Every year, millions of people across the world converge on March 8 to celebrate International Women’s Day.

This day which was initially just an annual ritual is beginning to gain currency as the clamor for women’s rights, dignity and care continues to increase.

The celebration is often commemorated by diverse groups in societies and often hinges on yearly themes that guide its commemoration. Like previous years, the theme for this year’s International Women’s Day; ‘Invest in women; accelerate progress’ underscores the need for the empowerment of women across different sectors of society.

This is now timelier as a lot of developing countries like Nigeria have been faced with harsh economic situations ranging from financial hardship, increases in the cost of living, and high-interest rates amongst others. This ugly turn in fortune has forced many women in the country who are adjudged to be major drivers of SMEs in the country to either shut down or go on tentative sabbaticals.

More worrisome is the labour force participation rate. In Nigeria, the labour force participation rate in 2023 still shows a 52.2% rate for females when compared to 65.9% for males, indicating the disparity and age-long dominance of women in the corporate sector.

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This labour force participation rate is the proportion of the population ages 15 and older that is economically active. Since 1990, female labour force participation has decreased. Compared with labour force participation in the lower-middle income group, the gap between men and women is lower in Nigeria when compared with other developing countries.

Similarly, the World Bank gender data portal reveals that 2. 3.6% of seats in the national parliament were held by women in 2022 in Nigeria. This figure represents the percentage of parliamentary seats in a single or lower chamber held by women. Concurrently, the proportion of seats held by women in Nigeria has witnessed a continuous decline since 2010 to an all-time low that is lower than the average rate in lower-middle-income countries.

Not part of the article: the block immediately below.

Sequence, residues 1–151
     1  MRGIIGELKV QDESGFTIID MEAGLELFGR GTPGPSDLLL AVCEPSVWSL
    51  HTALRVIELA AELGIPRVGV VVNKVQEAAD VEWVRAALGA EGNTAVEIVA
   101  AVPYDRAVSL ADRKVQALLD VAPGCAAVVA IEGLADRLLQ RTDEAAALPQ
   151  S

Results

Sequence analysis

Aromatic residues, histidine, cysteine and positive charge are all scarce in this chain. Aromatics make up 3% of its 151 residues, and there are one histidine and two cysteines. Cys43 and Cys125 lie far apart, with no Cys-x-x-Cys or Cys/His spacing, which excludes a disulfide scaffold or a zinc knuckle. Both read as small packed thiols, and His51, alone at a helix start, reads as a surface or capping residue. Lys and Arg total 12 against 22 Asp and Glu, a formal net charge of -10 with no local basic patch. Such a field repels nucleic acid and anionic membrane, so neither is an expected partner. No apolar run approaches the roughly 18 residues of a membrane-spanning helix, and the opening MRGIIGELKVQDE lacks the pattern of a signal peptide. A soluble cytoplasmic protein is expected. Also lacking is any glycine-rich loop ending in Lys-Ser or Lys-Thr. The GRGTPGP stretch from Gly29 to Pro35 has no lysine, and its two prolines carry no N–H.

Despite forming the larger percentage of voters in the country, women have been opportune to occupy fewer elective positions in the executive and legislative sectors of the government, as such necessitating the need for improvement.

The call is for women in Nigeria regardless of their constraints, to seize this day of International Women’s Day to reflect on their unique role in nation-building and work concertedly to achieve the change they truly deserve. This is a challenge for every woman. A challenge to consider what’s possible and a challenge to rethink what was perceived as impossible with the goal of making the most of their potential whether in business, politics, sciences, technology, family, or education.

In sum, when women themselves are inspired to be included, there’s a sense of belonging, relevance, and empowerment which can collectively be forged through a more inclusive world.